“Mom’s dying, Cliff…I can’t do this….I don’t know what to do…I can’t help her…I’ve told her it’s okay….I’ve told her to take Dad’s hand…please help me!”
“Shhhhhhh…” I heard. “You’re doing the right thing. You know what to do. Breathe.” I took a deep breath. My neck relaxed and my jaw unclenched. “Sometimes, it’s hard for someone to leave if a person they love is right there. Your mother loves you.” The tears began again. I clenched my jaw to keep from sobbing. “Just back up. Give her the space she needs…”
“Please pray with me,” I said. And he prayed, my ever-constant protector, the priest in him with the right words, always, for my mother, for me. “Now just back up,” he said. “That’s all you have to do now. Just move your chair back from the bed a little.”
“Okay,” I said and hung up the phone. I pushed back and saw someone in the hallway light, framed in the open door, sitting in a wheelchair. Laverne, Mom’s oldest friend from church. I got up and went to the door.
“How is she?” Laverne asked. “Mom’s dying, Laverne. I’m sorry.”
She nodded and backed up her chair to turn down the hall. At that moment, I heard the wall clock sing. My mother loved birds, had watched them all her life, on the farm, when traveling with Dad, and she had a wall clock of birds, each different one singing on the hour. The Nightingale sang. I turned back to the bed. Mother no longer breathed.
It was just like her to go so quietly, no bother at all. I sat beside her for a while. Just sat. Then I got up, filled her basin with warm water in the bathroom, brought back a towel and washcloth, and I bathed my mother. Gently. No trouble at all. I covered her with a blanket and called the front desk. Two nurses came down and did what they had to do. I sat and waited until the mortician came with a gurney and a big black body bag. I couldn’t watch. I went outside through whipping snow to wait.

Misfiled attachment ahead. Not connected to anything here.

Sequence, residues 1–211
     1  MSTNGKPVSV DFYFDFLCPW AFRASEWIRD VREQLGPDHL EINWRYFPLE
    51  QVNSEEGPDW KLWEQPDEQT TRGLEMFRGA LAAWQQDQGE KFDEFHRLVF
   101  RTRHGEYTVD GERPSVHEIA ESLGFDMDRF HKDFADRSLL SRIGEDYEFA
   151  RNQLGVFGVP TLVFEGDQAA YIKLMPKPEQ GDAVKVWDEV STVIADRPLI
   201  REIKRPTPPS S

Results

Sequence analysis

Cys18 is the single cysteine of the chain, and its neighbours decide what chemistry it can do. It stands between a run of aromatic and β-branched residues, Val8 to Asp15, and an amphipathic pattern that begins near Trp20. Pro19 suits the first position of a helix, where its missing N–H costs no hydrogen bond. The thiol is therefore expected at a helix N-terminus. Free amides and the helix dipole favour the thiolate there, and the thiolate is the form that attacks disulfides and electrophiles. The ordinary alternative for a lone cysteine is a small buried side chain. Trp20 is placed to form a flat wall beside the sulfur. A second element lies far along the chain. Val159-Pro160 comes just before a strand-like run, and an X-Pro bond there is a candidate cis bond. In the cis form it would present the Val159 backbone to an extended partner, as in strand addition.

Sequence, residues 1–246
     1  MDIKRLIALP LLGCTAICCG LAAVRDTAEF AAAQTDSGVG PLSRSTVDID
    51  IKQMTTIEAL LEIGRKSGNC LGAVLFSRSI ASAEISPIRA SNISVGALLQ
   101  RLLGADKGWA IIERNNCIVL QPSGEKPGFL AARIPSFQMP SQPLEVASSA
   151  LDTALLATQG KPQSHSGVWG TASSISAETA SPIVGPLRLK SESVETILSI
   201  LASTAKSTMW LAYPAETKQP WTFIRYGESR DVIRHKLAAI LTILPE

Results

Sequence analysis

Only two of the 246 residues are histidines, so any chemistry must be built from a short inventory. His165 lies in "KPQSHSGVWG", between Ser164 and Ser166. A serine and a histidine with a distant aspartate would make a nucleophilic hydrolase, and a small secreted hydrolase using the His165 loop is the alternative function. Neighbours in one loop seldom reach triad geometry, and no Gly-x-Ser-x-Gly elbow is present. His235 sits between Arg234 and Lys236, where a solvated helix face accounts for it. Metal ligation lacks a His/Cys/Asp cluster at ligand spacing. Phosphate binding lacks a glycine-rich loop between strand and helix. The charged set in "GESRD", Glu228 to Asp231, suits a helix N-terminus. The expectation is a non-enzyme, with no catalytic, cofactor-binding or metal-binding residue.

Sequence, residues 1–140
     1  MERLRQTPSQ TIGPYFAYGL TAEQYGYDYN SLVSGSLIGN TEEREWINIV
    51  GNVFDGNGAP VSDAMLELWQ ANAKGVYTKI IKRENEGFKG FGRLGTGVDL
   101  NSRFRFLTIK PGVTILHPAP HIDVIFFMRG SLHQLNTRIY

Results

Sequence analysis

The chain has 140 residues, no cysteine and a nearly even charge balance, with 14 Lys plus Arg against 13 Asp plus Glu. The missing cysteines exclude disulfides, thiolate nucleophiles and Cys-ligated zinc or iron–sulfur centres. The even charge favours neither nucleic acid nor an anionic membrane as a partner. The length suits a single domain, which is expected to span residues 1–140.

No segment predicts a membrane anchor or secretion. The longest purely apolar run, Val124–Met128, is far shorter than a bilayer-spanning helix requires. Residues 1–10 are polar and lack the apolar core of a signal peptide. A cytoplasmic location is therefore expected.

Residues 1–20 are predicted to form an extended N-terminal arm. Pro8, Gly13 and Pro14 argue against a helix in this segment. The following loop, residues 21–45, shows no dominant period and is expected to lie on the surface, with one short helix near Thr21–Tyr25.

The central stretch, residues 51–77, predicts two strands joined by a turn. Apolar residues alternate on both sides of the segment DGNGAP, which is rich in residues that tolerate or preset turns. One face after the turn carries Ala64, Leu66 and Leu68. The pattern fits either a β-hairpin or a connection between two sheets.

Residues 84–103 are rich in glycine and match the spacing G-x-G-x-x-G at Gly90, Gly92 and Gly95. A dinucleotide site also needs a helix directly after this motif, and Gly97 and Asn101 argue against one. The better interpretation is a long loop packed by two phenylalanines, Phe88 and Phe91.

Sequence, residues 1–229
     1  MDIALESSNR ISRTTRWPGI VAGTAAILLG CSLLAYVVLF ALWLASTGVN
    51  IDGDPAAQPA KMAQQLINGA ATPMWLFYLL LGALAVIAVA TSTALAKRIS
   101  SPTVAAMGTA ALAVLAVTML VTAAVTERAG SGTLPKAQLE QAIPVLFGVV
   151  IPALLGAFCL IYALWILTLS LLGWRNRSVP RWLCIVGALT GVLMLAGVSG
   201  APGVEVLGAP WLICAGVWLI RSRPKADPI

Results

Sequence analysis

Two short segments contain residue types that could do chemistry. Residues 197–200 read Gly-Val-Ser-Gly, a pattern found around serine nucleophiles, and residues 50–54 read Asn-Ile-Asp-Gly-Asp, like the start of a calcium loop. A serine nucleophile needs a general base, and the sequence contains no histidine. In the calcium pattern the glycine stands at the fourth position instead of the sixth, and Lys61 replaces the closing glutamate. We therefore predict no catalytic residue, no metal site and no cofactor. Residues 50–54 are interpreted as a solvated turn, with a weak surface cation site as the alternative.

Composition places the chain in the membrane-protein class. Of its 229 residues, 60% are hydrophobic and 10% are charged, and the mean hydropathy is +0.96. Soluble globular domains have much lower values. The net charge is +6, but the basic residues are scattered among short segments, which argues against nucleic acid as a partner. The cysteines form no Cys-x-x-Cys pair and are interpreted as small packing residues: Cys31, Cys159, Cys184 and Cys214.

Tonight, after you died, a nor’easter blew in.
You didn’t know—you’d slipped out
early on a nightingale’s song.
Now I sit in the car, blasted
into childhood, no stop for my fear.
Prairie storms were never unexpected.
Dad stood at the fence, smelled ruin
in the wind’s icy claw. He called us outside
(you tied bandanas over our faces) to secure
barn doors and chicken coop against the fury.
We stamped into the kitchen—popcorn, hot
chocolate—and stood our turn on the floor grate.
I played checkers with Grandpa—worried
my red plastic chip (he always played black)
until he growled, “Can’t get there thinking about it.”
If a door slammed open, Dad took care of it.
No preparation for this storm—didn’t know
it was coming. Snow batters the windshield,
tugs at wiper blades struggling to clear my view.
The nursing home door opens; they wheel you
to the hearse. Someone closes the door.
Remember the year it snowed so much
we couldn’t reach the barn? You and Dad
off in Florida. Kenny Divorak tramped up
the hill. We dug tunnels through soaring drifts
high as the grain bins. We were safe; you were safe.
The hearse pulls away.
Wind blasts my car. I turn up the heater, thaw
my cold feet, think about the calls I must make
from my cousin’s warm kitchen. Can’t
get there thinking about it. I put the car in gear,
inch forward into prairie winter.
Postscript: a happy (almost) ending: I returned to my Kansas City apartment two days later, drained. The apartment in chaos because of a leak in the bedroom ceiling, no bed to go to, so I pulled out a bedroll and lay in on the office floor. While nowhere near finished with grief, exhaustion pulled me into sleep. Just as I drifted off, I felt a touch on my cheek, light as a mother brushing away a sleeping child’s tears. That night, I dreamed I was at a gas station, filling up my car, and at the pump across from me, my mother, getting into a newly gassed up car. Once seated, she looked at me and smiled. She lifted a hand and waved as she drove off. And beside her in the passenger seat, I saw a young boy. Little Joe had come to travel with her. I woke, sobbed and smiled.